Anaesthesia Assistant

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What Is Your Job Title?

Anesthesia Assistant – Trainee

What does an Anaesthesia Assistant Do?

I work full-time assisting the Department of Anesthesia so they can provide a safe, reliable, and timely service to their patients. We are based mainly in the Operating Room, however, our assistant services can take us to virtually any department and any area of the hospital that Anesthetists would provide their services to. Our assistant role to Anesthetists includes a technical component with:

  • checking anesthesia equipment for proper performance levels.
  • setting up of appropriate equipment for the anesthetic being used.
  • providing trouble-shooting services for problems with equipment.
  • facilitating repair/exchange of equipment as necessary.
  • facilitating consistent preventative maintenance for equipment being utilized.

The clinical component role of Anesthesia Assistant includes:

  • involvement with all ages of patients – neonatal, pediatric, adult, & geriatric.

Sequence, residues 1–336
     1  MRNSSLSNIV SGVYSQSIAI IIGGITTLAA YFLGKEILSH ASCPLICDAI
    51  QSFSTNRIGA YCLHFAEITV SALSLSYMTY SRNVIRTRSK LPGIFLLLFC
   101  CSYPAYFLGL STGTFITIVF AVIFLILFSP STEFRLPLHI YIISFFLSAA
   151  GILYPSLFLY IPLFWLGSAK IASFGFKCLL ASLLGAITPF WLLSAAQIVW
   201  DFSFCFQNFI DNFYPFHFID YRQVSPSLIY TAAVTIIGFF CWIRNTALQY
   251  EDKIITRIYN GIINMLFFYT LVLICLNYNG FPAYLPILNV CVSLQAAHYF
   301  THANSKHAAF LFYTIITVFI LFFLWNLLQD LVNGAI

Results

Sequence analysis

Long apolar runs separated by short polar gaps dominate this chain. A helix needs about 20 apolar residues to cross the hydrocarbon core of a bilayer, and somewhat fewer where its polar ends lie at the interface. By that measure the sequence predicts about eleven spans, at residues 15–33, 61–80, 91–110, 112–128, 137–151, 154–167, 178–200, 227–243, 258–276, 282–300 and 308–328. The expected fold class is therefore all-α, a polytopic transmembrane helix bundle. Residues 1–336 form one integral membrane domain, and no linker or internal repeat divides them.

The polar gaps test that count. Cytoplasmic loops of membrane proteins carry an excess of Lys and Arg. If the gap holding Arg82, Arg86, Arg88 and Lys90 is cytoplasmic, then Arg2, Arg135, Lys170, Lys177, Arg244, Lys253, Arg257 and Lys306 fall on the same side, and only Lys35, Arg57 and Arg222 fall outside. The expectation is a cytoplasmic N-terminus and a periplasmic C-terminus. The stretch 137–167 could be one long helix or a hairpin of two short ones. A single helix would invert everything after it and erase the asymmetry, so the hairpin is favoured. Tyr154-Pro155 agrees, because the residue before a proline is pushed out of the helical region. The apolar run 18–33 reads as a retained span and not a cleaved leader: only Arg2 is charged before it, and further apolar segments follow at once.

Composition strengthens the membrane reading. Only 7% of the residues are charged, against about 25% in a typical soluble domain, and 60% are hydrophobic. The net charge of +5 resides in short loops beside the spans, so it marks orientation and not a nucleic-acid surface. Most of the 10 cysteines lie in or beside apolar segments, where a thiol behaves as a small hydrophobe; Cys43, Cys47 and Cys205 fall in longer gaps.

• establishment of arterial/cvp lines, airways, and IV lines.
  • assisting anesthesia with regional blocks.
  • general assistance to the Anesthetist in whatever other service they are providing (ie. Safari Anesthesia).

What Training Is Necessary to Do Your Work?

  • Pre-requisite is to be a Registered Respiratory Therapist.
  • Enrollment with Thompson River University in the Anesthesia Assistant program.
  • Successful completion of all Entrance Placement Exams.
  • Successful completion of Core Anesthesia Assistant Courses.

Where Do You Work?

In a hospital.

Who Needs Your Services and Why?

All patients requiring surgery, and all patients who need anaesthesia for MRI, CT, Vascular procedures, etc.

What Is Your Favourite Part of Your Job?

Providing patient care, and the technical component.

What Challenges Do You Have in Your Job?

Not enough staff to cover the clinical component of our profession so that the technical component can be taken care of properly, such as preventative maintenance of equipment.

What Are the Consequences When There Are Not Enough People with Your Training to Provide Service?

Safari Anesthesia (anesthetics that are administered outside the OR environment) can be delayed, altered, and, on occasion, cancelled. On-Call individuals can become extremely fatigued because they are still expected to do their regular shift. There is no provision to have relief coverage for someone who has worked all day, worked all night, and is still expected to show up sometime for their regular shift.